Apple noted in today's statement that Timothy Cook, who will be covering for Jobs during his leave of absence, will execute "exciting plans" the company has in place for 2011. There's no doubt Apple can live off Jobs' inventions, but that's a risky strategy that inevitably ends when you run out of Jobs' ideas a few years down the road.
While other tech companies publicly disclose their succession plans, Apple - the largest technology company in the world - refuses to talk about the next Steve Jobs. In addition, the company's board routinely rejects calls for disclosure coming from hedge funds and institutional investors with interest in the company.
Some media outlets, like Fortune, call Apple's operations chief Timothy Cook, 50, a former Compaq executive, as the most likely candidate for the CEO post. Other people, this author included, think Apple would be better served if Jonathan Ive, pictured on the right, takes the CEO job.
Ive's lack of leadership experience is a disadvantage and could prove problematic. However, if he can deliver a compelling vision that can prove a strong enough a pull to keep the fans interested in the company and its products - and providing Apple's current executive team backs him up by taking care of execution - Apple under Ive's leadership could weather the storm ahead smoothly.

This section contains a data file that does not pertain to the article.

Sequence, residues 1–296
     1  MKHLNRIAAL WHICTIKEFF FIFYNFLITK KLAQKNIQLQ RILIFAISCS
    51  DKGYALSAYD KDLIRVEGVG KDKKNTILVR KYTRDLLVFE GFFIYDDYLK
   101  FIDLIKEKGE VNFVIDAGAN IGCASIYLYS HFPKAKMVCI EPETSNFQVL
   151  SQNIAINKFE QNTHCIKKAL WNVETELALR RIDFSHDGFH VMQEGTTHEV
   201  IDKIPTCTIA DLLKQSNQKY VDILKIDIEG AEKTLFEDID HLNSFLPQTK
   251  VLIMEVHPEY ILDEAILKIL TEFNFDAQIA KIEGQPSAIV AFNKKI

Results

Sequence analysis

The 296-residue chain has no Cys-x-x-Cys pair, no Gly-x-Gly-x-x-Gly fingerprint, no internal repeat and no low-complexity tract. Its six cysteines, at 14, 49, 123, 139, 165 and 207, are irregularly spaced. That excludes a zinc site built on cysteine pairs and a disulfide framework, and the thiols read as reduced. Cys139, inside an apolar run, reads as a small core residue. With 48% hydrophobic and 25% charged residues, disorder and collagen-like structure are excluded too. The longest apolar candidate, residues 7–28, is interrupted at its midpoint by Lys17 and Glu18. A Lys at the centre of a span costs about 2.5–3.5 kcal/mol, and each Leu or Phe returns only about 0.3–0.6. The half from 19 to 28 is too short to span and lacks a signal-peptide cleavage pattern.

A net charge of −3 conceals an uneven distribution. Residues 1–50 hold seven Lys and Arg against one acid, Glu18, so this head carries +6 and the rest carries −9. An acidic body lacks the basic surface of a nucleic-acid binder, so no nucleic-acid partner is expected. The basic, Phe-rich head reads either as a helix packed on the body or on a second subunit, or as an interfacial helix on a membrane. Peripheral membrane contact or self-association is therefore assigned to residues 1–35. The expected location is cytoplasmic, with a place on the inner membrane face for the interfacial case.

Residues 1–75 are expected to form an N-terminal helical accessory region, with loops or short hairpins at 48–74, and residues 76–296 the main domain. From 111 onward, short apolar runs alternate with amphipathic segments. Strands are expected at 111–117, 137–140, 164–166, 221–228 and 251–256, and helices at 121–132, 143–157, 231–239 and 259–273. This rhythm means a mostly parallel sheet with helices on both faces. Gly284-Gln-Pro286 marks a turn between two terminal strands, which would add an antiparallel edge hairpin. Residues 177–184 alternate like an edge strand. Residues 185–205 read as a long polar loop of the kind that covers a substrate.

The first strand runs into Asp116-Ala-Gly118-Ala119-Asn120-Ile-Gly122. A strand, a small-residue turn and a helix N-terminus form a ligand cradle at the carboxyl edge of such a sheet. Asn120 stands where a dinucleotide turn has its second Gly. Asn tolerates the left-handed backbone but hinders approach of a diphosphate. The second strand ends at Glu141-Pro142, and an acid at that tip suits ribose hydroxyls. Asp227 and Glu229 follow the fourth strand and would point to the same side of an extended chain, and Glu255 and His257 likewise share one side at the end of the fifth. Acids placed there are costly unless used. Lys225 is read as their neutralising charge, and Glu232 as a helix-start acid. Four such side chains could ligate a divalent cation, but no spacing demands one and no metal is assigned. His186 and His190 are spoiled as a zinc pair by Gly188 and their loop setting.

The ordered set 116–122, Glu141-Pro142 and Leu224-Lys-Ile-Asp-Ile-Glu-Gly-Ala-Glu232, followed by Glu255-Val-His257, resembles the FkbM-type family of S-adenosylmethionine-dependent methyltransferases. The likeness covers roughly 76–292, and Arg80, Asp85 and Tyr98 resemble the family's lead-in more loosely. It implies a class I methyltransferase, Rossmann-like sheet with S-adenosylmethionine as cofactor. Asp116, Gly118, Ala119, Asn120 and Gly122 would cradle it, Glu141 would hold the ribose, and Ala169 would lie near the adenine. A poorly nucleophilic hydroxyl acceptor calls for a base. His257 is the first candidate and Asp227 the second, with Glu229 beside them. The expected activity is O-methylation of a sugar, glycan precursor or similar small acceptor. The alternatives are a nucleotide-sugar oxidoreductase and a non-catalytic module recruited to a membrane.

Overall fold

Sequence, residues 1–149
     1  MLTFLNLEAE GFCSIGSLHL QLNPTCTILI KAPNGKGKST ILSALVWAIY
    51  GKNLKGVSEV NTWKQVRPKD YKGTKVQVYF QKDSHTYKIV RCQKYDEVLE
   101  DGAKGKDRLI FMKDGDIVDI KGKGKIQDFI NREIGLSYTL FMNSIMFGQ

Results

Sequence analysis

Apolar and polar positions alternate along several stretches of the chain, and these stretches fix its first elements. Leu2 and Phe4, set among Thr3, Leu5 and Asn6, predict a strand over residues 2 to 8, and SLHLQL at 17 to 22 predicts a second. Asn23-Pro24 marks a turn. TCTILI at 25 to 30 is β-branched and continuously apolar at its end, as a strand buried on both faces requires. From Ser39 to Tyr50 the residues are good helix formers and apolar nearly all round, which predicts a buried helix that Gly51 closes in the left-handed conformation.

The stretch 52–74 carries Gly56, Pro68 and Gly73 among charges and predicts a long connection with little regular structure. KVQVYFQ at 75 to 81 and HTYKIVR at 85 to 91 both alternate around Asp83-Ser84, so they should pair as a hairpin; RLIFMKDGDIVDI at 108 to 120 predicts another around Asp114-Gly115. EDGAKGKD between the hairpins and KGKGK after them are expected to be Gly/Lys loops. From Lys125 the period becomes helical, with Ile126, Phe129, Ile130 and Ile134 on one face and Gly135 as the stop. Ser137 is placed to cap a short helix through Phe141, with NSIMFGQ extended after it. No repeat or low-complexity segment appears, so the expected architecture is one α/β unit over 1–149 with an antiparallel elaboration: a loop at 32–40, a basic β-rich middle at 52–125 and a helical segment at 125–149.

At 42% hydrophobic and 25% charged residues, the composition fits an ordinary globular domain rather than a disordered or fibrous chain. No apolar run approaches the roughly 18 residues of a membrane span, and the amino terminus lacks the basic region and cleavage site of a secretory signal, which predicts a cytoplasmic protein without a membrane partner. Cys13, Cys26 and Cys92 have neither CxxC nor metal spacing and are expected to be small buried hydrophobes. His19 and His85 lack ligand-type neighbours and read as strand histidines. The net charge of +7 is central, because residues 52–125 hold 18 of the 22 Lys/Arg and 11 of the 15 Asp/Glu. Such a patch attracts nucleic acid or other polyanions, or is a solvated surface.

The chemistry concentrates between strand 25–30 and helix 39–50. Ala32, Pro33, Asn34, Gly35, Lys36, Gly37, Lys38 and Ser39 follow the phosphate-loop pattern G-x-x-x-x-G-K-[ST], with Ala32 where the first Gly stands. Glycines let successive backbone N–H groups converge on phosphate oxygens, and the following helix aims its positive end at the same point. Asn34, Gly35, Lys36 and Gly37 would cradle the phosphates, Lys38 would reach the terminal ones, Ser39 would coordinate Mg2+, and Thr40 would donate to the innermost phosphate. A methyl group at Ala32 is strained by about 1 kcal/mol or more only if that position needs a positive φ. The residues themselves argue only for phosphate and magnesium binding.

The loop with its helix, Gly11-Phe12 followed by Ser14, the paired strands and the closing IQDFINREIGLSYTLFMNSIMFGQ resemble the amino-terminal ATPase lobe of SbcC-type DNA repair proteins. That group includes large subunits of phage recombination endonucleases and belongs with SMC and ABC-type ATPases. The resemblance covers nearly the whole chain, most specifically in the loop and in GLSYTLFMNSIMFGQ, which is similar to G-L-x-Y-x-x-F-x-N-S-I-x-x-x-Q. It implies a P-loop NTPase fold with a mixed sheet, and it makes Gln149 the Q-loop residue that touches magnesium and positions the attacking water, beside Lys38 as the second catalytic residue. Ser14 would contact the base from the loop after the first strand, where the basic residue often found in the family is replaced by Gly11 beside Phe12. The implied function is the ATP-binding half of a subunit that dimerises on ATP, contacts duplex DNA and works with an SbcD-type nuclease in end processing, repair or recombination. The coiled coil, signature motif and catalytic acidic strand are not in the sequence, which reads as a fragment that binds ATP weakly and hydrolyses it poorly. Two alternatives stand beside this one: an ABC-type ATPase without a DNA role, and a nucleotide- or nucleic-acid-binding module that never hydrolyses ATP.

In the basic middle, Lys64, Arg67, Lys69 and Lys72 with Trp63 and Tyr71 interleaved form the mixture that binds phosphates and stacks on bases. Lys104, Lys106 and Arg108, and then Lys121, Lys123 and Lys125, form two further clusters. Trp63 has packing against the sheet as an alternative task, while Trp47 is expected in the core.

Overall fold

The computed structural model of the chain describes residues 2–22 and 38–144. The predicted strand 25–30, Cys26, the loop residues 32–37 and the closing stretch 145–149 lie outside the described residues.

Jobs called Ive during the iPhone 4 presentation "one of my best friends in the whole world" and the two men are deemed instrumental to Apple's fortune and a string of smash hits. While Ive possesses a different kind of stage personality, he doesn't come short in the charisma department like Cook and seems to share fanatical Jobs-esque dedication to making sexy gadgets people lust after, which is what the company is all about.
Steve Jobs makes the first public FaceTime call to Jonathan Ive, Apple's design guru, during the iPhone 4 unveiling last summer.
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